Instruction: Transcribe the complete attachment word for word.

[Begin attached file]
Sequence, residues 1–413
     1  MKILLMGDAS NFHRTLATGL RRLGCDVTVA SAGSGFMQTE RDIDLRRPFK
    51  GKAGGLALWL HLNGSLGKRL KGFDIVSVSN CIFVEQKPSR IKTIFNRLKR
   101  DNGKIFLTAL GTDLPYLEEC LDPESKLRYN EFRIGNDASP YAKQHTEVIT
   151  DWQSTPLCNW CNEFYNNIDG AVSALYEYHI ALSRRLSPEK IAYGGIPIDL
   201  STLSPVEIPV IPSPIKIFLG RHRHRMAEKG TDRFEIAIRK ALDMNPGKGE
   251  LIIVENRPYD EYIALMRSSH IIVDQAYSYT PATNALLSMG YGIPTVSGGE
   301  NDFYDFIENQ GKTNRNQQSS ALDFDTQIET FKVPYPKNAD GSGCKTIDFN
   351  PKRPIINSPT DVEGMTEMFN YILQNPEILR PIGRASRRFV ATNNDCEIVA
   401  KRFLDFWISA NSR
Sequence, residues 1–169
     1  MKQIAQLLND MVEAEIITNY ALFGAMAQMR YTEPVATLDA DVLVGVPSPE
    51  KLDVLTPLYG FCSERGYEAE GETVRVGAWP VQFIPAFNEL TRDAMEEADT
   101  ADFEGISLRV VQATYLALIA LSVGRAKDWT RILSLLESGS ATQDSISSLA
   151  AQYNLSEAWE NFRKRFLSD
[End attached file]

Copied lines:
Sequence, residues 1–413
     1  MKILLMGDAS NFHRTLATGL RRLGCDVTVA SAGSGFMQTE RDIDLRRPFK
    51  GKAGGLALWL HLNGSLGKRL KGFDIVSVSN CIFVEQKPSR IKTIFNRLKR
   101  DNGKIFLTAL GTDLPYLEEC LDPESKLRYN EFRIGNDASP YAKQHTEVIT
   151  DWQSTPLCNW CNEFYNNIDG AVSALYEYHI ALSRRLSPEK IAYGGIPIDL
   201  STLSPVEIPV IPSPIKIFLG RHRHRMAEKG TDRFEIAIRK ALDMNPGKGE
   251  LIIVENRPYD EYIALMRSSH IIVDQAYSYT PATNALLSMG YGIPTVSGGE
   301  NDFYDFIENQ GKTNRNQQSS ALDFDTQIET FKVPYPKNAD GSGCKTIDFN
   351  PKRPIINSPT DVEGMTEMFN YILQNPEILR PIGRASRRFV ATNNDCEIVA
   401  KRFLDFWISA NSR
Sequence, residues 1–169
     1  MKQIAQLLND MVEAEIITNY ALFGAMAQMR YTEPVATLDA DVLVGVPSPE
    51  KLDVLTPLYG FCSERGYEAE GETVRVGAWP VQFIPAFNEL TRDAMEEADT
   101  ADFEGISLRV VQATYLALIA LSVGRAKDWT RILSLLESGS ATQDSISSLA
   151  AQYNLSEAWE NFRKRFLSD